Butterflies of Africa
Tentyris Forester
Bebearia tentyris HEWITSON, 1866
Bebearia tentyris, male, Bobiri forest, Ghana Adrian Hoskins
There are about 95 Bebearia species, all of which are found in the forests of the Afrotropics.
The males of several Bebearia species have a fritillary-like pattern of dark spots on a brownish or orange ground colour. Several species have an overall metallic blue sheen. In tentyris there is a blue iridescence over the discal cell and costal areas of the forewings, but the remaining areas of the wings reflect a dull copper or reddish hue. The iridescence is only apparent when the insect is basking in direct sunlight.
The females, in common with those of several other Bebearia species, are marked with a Catuna-like pattern in dark brown and cream.
Bebearia tentyris is distributed from Cote d'Ivoire to Cameroon and Congo.

Bebearia tentyris, female, Bobiri forest, Ghana Adrian Hoskins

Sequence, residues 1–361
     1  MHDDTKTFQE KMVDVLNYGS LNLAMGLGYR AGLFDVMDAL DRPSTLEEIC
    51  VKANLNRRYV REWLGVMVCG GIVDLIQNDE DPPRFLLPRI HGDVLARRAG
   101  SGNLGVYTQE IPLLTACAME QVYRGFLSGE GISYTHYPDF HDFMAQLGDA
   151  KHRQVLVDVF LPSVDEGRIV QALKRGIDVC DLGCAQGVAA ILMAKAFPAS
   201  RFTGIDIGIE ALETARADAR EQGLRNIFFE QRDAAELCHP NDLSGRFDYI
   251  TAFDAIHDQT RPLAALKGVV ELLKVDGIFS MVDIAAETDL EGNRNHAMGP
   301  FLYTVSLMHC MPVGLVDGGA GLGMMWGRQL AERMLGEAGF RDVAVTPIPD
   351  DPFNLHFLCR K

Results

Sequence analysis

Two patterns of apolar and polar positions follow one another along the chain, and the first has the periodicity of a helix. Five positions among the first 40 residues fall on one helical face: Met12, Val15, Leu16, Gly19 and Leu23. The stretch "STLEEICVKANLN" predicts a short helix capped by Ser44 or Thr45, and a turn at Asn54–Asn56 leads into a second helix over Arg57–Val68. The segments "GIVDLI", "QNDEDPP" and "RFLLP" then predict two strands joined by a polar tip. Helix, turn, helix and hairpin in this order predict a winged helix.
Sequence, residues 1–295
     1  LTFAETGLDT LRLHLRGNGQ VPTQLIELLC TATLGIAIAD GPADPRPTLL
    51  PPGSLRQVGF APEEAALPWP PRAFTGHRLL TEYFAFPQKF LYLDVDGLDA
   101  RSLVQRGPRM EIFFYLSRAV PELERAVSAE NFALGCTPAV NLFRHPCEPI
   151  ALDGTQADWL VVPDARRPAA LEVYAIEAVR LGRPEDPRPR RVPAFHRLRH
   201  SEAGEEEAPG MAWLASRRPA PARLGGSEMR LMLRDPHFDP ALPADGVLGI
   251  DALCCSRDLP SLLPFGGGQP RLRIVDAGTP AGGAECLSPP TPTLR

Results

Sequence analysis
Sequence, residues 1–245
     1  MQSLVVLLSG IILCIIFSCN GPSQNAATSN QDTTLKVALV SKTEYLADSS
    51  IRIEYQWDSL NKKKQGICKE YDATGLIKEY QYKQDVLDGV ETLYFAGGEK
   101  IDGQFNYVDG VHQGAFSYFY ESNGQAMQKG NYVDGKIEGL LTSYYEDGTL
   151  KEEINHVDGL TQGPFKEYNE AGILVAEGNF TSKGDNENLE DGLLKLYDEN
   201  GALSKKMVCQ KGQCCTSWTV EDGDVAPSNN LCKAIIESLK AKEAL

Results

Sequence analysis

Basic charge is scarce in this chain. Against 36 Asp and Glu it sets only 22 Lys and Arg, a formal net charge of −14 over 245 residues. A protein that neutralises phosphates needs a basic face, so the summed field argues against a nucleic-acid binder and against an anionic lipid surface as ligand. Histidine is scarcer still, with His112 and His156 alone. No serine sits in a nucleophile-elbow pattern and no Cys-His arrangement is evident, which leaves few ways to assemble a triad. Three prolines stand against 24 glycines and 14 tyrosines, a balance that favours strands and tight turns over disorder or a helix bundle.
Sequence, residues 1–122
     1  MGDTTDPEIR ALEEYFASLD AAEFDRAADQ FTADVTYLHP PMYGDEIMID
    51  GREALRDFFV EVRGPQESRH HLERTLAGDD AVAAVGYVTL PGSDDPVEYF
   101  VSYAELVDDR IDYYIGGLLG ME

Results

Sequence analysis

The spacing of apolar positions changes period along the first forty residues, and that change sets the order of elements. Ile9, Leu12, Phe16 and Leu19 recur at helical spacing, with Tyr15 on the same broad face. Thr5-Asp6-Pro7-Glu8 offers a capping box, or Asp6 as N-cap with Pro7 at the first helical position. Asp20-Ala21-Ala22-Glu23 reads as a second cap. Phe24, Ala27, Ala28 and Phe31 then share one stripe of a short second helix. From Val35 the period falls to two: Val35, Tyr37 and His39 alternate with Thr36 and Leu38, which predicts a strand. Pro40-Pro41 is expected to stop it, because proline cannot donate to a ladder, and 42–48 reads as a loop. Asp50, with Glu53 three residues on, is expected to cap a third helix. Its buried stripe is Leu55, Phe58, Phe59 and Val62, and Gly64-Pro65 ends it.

This species is found in the drier rainforests, and is quite tolerant of habitat degradation. It is found at altitudes between sea level and about 800m.
The larval foodplant is Hypselodelphis ( Marantaceae ).
Adult behaviour

Males are commonly seen basking in sunspots on the forest floor, and are strongly attracted to decomposing fruit. They normally hold their wings erect when feeding, but periodically fly up and settle on nearby leaves, where they bask with wings fully outspread.

Females are seen far less frequently and are secretive in behaviour. They are often overlooked because of their similarity to other species.

Bebearia tentyris Bobiri forest, Ghana Adrian Hoskins



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